Among over 1,000 respondents, more than 6 in 10 parents reported that their child’s level of confidence in math has improved since using Prodigy Math.
In-Game Student Survey
We provided in-game surveys* to Prodigy users in 3rd - 8th grade and we received over 650,000 responses. Let’s dive into what we found.
65% of Prodigy users have high levels of math confidence.
Figure 1: Prodigy users were categorized based on their average survey scores as either having high math confidence (Math Confidence: Yes) or not having math perseverance (Math Confidence: No).
Younger Prodigy users were more likely to perceive themselves as confident.
Figure 2: Relative percent of Prodigy users who self-reported as having high levels of math confidence, broken down by grade.
Among a small subset of Prodigy users who took a ‘Test Prep' in Prodigy Math during a time window close to the survey, students with high math confidence performed better on the ‘Test Prep’ than their peers with low math confidence across all grades.✝
Figure 3: Answer accuracy on Test Prep, by grade, comparing Prodigy users with low self-reported math confidence to Prodigy users with high self-reported confidence.
In-Game Learning Data
Prodigy users with high confidence answered questions in Prodigy Math slightly more quickly than their peers across all grades.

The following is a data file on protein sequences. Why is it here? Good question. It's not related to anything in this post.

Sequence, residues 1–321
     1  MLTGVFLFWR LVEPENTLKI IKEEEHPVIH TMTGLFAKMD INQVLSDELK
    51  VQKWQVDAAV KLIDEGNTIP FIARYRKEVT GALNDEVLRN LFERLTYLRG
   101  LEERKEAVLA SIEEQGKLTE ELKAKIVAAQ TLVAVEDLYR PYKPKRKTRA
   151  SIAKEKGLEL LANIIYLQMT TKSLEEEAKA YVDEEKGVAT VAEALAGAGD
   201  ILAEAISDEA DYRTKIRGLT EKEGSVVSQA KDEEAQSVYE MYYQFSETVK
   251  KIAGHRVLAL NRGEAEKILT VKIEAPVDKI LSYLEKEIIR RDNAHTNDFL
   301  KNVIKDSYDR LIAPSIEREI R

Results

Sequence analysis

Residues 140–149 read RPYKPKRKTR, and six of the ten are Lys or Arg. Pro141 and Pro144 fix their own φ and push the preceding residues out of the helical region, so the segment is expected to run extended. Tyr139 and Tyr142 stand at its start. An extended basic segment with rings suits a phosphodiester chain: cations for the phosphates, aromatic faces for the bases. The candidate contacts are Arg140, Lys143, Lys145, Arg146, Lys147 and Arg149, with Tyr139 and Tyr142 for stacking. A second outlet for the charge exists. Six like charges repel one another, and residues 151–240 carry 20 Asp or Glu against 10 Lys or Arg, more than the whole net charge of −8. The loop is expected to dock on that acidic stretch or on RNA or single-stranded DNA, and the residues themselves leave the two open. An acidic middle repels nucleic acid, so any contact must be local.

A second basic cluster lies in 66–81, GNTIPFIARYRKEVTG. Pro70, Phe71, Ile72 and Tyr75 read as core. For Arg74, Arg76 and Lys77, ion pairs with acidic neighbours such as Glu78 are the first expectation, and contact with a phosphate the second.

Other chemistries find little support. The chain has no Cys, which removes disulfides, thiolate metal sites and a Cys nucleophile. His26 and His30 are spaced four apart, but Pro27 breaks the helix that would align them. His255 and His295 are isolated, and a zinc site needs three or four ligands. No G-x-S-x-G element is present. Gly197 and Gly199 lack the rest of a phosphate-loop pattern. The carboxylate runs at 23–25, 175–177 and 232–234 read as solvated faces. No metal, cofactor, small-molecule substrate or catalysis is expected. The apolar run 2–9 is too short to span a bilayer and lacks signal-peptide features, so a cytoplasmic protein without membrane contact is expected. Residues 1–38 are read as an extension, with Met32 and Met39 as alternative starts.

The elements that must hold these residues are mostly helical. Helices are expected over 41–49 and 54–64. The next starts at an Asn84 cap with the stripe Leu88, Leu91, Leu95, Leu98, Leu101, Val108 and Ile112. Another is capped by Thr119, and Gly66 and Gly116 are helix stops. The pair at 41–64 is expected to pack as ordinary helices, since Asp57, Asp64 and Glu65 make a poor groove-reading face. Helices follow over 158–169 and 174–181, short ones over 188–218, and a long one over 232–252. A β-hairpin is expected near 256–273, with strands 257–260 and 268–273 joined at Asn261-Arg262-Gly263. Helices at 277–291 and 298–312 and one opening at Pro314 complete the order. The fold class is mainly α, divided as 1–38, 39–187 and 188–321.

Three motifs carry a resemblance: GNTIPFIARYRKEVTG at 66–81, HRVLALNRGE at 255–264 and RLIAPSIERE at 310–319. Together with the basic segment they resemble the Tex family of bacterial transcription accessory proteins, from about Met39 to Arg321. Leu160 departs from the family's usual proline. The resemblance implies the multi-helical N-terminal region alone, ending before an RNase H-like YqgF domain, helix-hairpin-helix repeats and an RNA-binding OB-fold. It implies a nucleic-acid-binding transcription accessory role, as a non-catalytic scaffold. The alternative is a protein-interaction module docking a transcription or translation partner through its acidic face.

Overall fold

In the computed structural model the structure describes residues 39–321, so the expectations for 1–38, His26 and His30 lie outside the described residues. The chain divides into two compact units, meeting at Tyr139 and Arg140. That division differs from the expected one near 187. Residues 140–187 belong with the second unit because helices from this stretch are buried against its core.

Figure 4: The amount of time, in seconds, taken to answer a question (on average) comparing Prodigy users with low self-reported confidence to Prodigy users with high self-reported confidence.
Fostering math confidence
While our findings on students with different levels of self-reported math confidence are certainly interesting, we also know that confidence is just one of many aspects that can impact learning outcomes.
There are many excellent resources available for teachers and parents who are looking to help to grow learning confidence in math. Take a look at this curated list of resources that may be helpful for further reading and review:
- TED-Ed has learning resources that accompany the video on math confidence we embedded above including questions, articles, and additional videos to help broaden your knowledge base on this topic
- In a blog post by Heinemann Publishing, the authors suggest encouraging students to value mistakes, take risks in their math learning, and develop self-reliance muscles
- Letting students have fun while practicing math through game-based learning tools like Prodigy Math may impact students’ level of learning confidence
Prodigy Math Game is an adaptive learning platform for grades 1 to 8 that motivates kids to answer math questions in a fun, fantasy-inspired environment. Sign up today for a parent or teacher account to make learning math an adventure!
*Responding to questions was/is optional for students. All data is anonymized and aggregated. No personally identifiable information (PII) was collected from students during this process. Findings are based on responses to questions at the time. Individual circumstances may vary, results are not guaranteed.
✝This research was not designed to attribute impact or levels of math confidence to the use of Prodigy Math as there was no control group of students who weren’t using Prodigy Math included in the analysis.